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The old millrace 

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the calm of the millpond

TOUCH   In the present crisis we are sensibly being discouraged from touching things unnecessarily. Out on walks perhaps care may be advisable when opening gates or climbing stiles but, if you do, take a moment to think about what you feel. Heed the cold steel of the metal five-bar gate and the way it slowly warms beneath your hand; feel the rough timbers of a stile worn smooth from much use over the years. Of less concern health-wise – and all the more pleasurable for that – become aware of the softness of new horse chestnut leaves; later in the year they will become as harsh as sandpaper. Run your fingers across the twisted, grooved bark of the sweet chestnut tree and stroke the furry softness of the aptly named ‘Lamb’s Ears’, the favourite garden herbaceous plant Stachys byzantina.

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The deeply grooved bark of the Sweet Chestnut tree

Stachys byzantina  Lamb’s Ears

SMELL   The scent of spring is everywhere at the moment and to be delighted in. However, the sense of smell is also a powerful trigger of long-forgotten memories. In a few weeks’ time the sweet scent of drying hay in the meadows may recall childhood farm holidays but for now there is the unique smell of new-mown lawns. Both start off as freshly cut grass yet their scent is so surprisingly different. Likewise, compare the subtly differing fragrance of apple and cherry blossom, both in their full-blown glory right now.

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The smell of freshly-mown grass…

Without even leaving home, squeeze the leaves of the herbs on the kitchen sill and notice their variation in scent, their colours and textures too. Early morn in the woodland, especially after warm rain, the delicate perfume of bluebells quickly disappears as the sun becomes stronger. Half-close your eyes and glory in their colour, in the silence and in their perfume and leave all cares behind you – if only for a while.

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The vivid greens & blues of an English beechwood in spring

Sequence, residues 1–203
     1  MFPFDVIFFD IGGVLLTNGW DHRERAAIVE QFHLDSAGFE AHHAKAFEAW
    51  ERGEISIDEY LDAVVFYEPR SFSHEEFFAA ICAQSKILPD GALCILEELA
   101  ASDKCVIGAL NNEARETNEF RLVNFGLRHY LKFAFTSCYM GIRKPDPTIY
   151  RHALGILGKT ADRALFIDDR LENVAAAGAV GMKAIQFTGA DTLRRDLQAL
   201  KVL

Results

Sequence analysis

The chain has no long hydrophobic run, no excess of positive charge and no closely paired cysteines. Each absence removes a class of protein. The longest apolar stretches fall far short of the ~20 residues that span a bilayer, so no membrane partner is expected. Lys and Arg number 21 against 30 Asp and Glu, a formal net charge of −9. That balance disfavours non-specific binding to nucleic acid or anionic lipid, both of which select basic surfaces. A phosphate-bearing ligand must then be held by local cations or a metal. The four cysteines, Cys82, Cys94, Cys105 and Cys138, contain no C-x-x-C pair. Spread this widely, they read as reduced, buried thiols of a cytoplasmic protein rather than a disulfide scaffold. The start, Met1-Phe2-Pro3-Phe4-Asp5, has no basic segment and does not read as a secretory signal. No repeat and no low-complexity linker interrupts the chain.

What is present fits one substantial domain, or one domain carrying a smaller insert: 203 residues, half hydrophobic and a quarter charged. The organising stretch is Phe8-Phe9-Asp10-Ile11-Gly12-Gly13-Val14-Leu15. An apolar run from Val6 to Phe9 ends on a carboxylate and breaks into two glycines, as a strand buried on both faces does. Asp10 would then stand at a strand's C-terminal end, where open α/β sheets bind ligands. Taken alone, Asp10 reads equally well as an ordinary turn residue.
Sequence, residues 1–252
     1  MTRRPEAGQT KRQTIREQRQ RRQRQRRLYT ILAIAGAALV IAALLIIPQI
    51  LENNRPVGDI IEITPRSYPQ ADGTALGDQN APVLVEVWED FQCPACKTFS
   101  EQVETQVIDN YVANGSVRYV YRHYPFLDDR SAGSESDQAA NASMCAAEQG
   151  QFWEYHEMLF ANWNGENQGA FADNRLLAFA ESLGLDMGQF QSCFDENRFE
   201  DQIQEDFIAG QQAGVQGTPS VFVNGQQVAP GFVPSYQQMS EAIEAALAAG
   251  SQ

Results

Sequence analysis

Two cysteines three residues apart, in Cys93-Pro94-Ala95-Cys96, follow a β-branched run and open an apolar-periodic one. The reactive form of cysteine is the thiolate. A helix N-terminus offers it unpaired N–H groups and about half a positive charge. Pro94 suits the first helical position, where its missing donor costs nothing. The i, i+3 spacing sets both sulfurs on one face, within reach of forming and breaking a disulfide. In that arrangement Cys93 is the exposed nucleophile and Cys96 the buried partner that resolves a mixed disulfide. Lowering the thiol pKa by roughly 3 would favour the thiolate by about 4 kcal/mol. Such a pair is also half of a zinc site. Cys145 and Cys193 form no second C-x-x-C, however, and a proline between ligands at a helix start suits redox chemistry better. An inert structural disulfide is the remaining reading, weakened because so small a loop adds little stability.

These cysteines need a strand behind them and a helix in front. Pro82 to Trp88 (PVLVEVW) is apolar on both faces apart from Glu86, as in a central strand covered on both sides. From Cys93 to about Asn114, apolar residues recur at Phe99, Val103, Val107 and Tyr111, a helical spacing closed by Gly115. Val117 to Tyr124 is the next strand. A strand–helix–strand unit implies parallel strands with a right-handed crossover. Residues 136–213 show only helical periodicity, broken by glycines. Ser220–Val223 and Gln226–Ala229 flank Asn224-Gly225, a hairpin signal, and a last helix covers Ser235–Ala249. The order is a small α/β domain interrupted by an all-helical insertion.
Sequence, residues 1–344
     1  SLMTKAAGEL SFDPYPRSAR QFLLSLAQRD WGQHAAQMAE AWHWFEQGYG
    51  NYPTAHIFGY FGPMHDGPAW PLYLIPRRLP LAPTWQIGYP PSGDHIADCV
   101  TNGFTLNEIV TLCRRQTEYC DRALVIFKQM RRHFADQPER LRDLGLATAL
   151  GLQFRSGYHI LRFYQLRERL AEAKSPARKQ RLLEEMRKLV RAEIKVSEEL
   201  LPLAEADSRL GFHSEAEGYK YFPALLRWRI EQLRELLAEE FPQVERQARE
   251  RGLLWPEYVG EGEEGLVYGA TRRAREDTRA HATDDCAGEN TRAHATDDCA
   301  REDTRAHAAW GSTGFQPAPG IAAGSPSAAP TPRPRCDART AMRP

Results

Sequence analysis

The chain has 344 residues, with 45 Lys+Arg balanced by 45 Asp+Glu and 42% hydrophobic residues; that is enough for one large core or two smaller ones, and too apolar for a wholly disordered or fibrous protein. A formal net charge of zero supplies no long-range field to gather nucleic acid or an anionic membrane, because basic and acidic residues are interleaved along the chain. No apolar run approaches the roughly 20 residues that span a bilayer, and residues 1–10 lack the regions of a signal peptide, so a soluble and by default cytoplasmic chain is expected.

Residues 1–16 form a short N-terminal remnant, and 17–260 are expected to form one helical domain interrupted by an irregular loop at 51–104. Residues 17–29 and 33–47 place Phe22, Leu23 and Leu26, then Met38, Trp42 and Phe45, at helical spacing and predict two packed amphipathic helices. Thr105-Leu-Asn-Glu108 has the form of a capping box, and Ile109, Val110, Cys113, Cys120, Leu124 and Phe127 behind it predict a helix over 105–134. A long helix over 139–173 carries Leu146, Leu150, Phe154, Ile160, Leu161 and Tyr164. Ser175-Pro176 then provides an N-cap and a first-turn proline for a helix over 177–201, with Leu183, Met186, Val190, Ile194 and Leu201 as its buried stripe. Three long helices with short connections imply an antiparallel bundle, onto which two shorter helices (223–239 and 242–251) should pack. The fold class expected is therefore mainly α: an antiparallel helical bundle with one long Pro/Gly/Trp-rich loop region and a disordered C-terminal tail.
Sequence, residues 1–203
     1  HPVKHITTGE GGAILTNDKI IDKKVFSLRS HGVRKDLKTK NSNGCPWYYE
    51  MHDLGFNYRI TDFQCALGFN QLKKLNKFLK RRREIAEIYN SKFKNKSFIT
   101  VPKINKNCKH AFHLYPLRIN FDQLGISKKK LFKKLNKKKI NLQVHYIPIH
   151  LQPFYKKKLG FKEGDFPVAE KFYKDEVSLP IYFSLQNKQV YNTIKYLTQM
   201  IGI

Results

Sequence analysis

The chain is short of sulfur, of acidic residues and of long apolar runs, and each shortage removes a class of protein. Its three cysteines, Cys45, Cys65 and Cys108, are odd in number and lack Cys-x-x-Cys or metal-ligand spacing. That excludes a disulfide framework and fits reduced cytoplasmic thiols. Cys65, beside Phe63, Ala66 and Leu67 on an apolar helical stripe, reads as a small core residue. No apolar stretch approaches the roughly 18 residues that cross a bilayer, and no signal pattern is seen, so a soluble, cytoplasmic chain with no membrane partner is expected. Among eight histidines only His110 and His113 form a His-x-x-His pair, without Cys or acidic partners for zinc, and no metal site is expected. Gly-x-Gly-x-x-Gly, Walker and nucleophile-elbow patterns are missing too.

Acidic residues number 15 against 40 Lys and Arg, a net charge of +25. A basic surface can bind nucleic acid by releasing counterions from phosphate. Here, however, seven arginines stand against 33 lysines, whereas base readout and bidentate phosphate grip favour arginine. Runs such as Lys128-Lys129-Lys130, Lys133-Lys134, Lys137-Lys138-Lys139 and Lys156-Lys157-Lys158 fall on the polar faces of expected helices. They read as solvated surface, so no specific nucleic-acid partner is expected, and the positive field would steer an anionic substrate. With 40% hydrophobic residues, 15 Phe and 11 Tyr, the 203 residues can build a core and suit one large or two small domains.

In town, the scents are also there just waiting to be noticed. Rain falling on roads and pavements or scorched by hot sun both produce delightfully tarry smells, one mild, the other strong. In the formal beds of the local park flowering bulbs stand in regimental rows; each have a unique scent which rises in the air to mingle with the vanilla fragrance of wallflowers. The wallflowers, their dull green foliage barely noticeable throughout the winter, now shout out the arrival of spring through the colours of their flowers of brick red, orange and yellow.

Tulips & wallflowers – a favourite park bedding combination

TASTE   In shaded places where the soil stays moist you may be greeted – even before you arrive – by the pungent scent of wild garlic. A prolific carpeter of the woodland floor its leaves and flowers make a useful ingredient to spring salads. Wild garlic or Ramsons to give it it’s country name, is fickle where it will grow. In some places that would seem suitable, not a single plant can be found. A less common member of the onion family to be found in the wild are the chives of our gardens, they grow along road edges and field boundaries locally. It is thought that they were spread by the old drovers of centuries ago so that they could harvest them along the way to liven up a bland meal. There is no doubting its identification, disturb the tubular green leaves and the familiar scent is immediately released.

Ramsons grow in damp, shaded places